government preferences and global strife that often center on religious divisions, modeling an interfaith
    community in one’s local area that is inclusive of all major religious groups and voices is an important
    step towards living and practicing religious pluralism, a goal which has never been so important.
  2. To fulfill the growing demand for education about world religions in public institutions, particularly in:
    • Middle and high schools where religion in the context of social studies and world history is required
      curriculum.
    • Colleges and universities where teachers and resources about religion, particularly Islam, are highly
      sought after in a post-9/11 context.
    • Law enforcement agencies, corporations, and healthcare facilities that are required to teach cultural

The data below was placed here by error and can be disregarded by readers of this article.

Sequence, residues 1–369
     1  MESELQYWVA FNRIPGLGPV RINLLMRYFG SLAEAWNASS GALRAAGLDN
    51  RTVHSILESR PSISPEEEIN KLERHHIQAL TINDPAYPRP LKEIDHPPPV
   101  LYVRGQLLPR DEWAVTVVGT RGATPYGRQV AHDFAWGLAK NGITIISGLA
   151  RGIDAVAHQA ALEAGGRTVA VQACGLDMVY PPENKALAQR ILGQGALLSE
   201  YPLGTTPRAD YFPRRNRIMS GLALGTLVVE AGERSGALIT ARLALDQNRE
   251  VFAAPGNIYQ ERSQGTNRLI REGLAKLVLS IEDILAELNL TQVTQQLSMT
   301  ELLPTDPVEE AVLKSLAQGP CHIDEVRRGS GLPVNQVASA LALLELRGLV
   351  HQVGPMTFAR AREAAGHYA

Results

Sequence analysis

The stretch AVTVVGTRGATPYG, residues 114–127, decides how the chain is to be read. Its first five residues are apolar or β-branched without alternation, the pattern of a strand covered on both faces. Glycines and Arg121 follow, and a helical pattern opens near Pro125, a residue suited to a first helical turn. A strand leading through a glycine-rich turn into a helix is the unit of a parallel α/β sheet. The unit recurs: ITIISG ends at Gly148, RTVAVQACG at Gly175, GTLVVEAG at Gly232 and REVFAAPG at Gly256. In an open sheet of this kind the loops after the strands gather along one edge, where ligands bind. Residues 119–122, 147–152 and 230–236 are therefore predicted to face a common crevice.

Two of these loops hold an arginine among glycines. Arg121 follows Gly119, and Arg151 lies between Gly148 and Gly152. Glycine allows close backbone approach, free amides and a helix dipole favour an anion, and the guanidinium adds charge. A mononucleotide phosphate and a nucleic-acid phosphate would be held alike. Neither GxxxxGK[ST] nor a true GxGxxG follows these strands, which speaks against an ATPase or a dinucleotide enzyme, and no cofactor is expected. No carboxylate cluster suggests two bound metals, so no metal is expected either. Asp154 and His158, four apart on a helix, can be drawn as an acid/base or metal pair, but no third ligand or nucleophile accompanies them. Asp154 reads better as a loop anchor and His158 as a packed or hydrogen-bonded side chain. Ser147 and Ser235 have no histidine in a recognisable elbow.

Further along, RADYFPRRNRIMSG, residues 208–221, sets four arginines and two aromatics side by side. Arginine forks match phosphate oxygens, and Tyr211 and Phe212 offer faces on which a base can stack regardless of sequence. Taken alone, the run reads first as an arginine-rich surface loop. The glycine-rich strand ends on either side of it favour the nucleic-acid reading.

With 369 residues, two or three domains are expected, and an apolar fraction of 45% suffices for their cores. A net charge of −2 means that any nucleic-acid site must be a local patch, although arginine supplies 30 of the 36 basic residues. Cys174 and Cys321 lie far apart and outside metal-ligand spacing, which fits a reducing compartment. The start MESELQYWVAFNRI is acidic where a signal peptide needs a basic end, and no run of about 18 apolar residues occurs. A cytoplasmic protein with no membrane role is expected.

diversity or competency as part of corporate, state, and/or federal mandates.
    • Government, community, and faith-based institutions that are seeking to build bridges among
      people of different faiths.
  3. To fulfill the growing number of requests for grassroots activists, speakers, and educators who are
    regularly connected in their regional houses of worship and organizations to provide education about
    their faith tradition and their views and perspectives on a variety of issues.
  4. To provide accurate supplemental material for public institutions that offer in-house delivery of
    cultural diversity training and other programs.
  5. To provide needed content for interfaith dialogues and conversations in local communities.